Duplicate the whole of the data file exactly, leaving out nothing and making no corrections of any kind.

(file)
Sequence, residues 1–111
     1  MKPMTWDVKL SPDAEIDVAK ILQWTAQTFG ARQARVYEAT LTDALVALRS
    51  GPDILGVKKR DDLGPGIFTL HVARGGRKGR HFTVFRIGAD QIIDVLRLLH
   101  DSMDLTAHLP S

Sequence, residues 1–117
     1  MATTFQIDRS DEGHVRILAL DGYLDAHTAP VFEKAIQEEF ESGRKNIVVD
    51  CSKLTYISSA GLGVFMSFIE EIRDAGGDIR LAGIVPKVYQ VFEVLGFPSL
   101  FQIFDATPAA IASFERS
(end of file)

Sequence, residues 1–111
     1  MKPMTWDVKL SPDAEIDVAK ILQWTAQTFG ARQARVYEAT LTDALVALRS
    51  GPDILGVKKR DDLGPGIFTL HVARGGRKGR HFTVFRIGAD QIIDVLRLLH
   101  DSMDLTAHLP S

Sequence, residues 1–117
     1  MATTFQIDRS DEGHVRILAL DGYLDAHTAP VFEKAIQEEF ESGRKNIVVD
    51  CSKLTYISSA GLGVFMSFIE EIRDAGGDIR LAGIVPKVYQ VFEVLGFPSL
   101  FQIFDATPAA IASFERS